Complete dependency is the state of each and every single person in a capitalist economy in a way that was simply not true of the old order. The Austrians have taught us to sell ourselves, so to speak, to commerce and consumerism based on the fiction (or is it a lie?) that these things represent a free way of life. These things are, if we are honest and philosophical, chains that are no different, as far as the person and healthy local society are concerned, from chains that shackle us to the state, and the two sets have tended over time to be mutually reinforcing. Commerce and consumerism may feel more satisfying, and they may “give the people what they want,” but an entire economic regime where self-indulgence is the guiding principle and chief good does not create free men. It is the great libertarian lie that the capitalist market and state are always necessarily antithetical to one another. Sometimes rivals, sometimes partners, the two perform a common task of breaking down all values and loyalties unless it is the value of efficiency or loyalty to the state.

Incidentally, I understand Scott Richert’s laments of the decline of American manufacturing as criticism of the current economic regime that is stripping away these last sources of stable, meaningful employment. In much the same way that Dr. Fleming acknowledges that the modern nation-state is in many ways artificial and too far removed from local and regional attachments, but nonetheless affirms the value of the nation-state in resisting the ravages of globalism and multinational exploitation, I believe Mr. Richert values American manufacturing as an element of national economic life that can potentially help to sustain the productivity and strength of the nation and thus as something to be preferred to the alternative of even worse dependency on foreign manufacturing and the reduction of Americans to even more inhumane and empty labour as service sector lackeys.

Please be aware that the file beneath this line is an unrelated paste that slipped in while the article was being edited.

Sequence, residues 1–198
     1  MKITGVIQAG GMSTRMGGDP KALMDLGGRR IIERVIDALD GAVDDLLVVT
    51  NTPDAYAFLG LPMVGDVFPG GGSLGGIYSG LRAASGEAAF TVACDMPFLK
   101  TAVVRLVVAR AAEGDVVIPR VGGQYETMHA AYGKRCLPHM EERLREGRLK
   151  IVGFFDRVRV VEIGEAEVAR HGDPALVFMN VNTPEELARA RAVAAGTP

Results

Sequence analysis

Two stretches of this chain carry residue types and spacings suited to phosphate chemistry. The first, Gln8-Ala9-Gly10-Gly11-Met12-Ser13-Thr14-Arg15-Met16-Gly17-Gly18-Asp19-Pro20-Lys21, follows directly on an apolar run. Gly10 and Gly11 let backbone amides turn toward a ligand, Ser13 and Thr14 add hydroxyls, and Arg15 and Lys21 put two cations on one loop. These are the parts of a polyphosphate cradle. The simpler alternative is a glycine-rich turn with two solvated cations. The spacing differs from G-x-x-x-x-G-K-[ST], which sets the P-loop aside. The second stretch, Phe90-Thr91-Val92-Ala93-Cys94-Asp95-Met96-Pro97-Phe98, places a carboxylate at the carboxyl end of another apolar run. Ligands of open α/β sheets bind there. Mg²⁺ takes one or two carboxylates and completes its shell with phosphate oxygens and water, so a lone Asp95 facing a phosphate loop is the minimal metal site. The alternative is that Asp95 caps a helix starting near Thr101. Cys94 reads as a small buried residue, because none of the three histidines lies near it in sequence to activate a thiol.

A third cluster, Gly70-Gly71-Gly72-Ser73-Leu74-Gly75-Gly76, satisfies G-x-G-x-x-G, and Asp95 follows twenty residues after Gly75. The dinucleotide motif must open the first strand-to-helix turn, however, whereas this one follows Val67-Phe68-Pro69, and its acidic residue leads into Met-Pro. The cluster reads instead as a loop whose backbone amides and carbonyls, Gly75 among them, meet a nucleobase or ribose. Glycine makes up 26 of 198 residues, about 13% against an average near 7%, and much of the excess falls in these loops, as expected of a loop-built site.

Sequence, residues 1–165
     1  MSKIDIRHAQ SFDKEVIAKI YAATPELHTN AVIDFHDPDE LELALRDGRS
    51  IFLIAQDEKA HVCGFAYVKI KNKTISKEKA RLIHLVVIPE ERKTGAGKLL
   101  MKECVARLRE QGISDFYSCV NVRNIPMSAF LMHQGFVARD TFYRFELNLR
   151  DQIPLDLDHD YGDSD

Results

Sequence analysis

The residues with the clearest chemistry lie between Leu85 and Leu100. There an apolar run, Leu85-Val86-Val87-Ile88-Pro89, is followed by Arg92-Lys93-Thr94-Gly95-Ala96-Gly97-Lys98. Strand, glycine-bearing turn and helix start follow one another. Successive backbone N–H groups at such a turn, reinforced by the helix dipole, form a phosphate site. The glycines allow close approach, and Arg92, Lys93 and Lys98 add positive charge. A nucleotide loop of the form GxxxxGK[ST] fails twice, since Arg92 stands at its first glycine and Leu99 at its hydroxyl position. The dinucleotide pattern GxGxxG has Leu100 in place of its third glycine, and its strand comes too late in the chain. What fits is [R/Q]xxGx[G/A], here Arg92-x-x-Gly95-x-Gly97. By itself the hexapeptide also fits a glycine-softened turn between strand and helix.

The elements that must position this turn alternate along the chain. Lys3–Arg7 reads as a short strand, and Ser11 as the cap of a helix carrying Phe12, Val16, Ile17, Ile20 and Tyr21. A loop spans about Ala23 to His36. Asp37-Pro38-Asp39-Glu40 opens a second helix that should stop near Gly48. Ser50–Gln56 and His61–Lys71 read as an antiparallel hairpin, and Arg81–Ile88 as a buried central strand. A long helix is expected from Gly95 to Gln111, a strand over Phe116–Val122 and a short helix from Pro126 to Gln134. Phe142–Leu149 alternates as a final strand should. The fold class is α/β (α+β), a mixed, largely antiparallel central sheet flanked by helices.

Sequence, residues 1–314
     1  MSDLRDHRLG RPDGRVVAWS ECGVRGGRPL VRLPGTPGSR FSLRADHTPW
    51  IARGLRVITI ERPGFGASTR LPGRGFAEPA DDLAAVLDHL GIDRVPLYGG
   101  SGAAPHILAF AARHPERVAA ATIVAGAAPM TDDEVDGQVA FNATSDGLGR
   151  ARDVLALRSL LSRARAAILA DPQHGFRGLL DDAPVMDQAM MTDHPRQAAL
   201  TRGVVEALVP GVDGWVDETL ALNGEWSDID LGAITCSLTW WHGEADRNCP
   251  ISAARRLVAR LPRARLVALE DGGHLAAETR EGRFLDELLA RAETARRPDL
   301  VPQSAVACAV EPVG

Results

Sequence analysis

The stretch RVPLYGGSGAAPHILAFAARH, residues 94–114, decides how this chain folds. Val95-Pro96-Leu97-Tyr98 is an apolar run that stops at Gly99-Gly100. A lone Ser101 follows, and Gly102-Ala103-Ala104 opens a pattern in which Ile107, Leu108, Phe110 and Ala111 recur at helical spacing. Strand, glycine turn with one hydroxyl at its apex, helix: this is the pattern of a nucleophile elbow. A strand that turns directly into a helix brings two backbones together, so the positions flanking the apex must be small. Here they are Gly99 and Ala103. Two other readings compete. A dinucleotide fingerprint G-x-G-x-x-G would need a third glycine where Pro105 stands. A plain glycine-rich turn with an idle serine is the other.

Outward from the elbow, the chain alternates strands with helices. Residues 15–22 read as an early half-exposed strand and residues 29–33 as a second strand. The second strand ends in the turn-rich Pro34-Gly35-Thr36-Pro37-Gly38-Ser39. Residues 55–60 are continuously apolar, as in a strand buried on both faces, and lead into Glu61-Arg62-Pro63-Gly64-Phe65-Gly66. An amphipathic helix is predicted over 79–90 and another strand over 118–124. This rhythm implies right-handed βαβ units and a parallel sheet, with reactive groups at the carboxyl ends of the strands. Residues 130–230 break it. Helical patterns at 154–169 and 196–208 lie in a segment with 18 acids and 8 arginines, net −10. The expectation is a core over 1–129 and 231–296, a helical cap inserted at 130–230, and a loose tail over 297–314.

What never ceases to amaze me about our friends, the libertarians, is how materialistic they are in every sense of the word. In their scheme, rationality is equated with desire, acquisitiveness and the drive for more possessions. It is true that men have striven to improve their material circumstances throughout history. What is also true is that all of history has been subsequent to the Fall, and we should not necessarily take the common activity of fallen mankind as proof that such activity is either natural or desirable. Men have also slaughtered each other and dominated one another out of a desire for power–I doubt very much that the indulgence of these passions throughout history has many admirers or defenders over at the Mises Institute. What libertarians call rationality is what pagan philosophers saw as disordered desire (in fact, the abdication of reason and intellect) and what Christians used to recognise as the will of the flesh, something unnatural and contrary to rationality and spiritual well-being.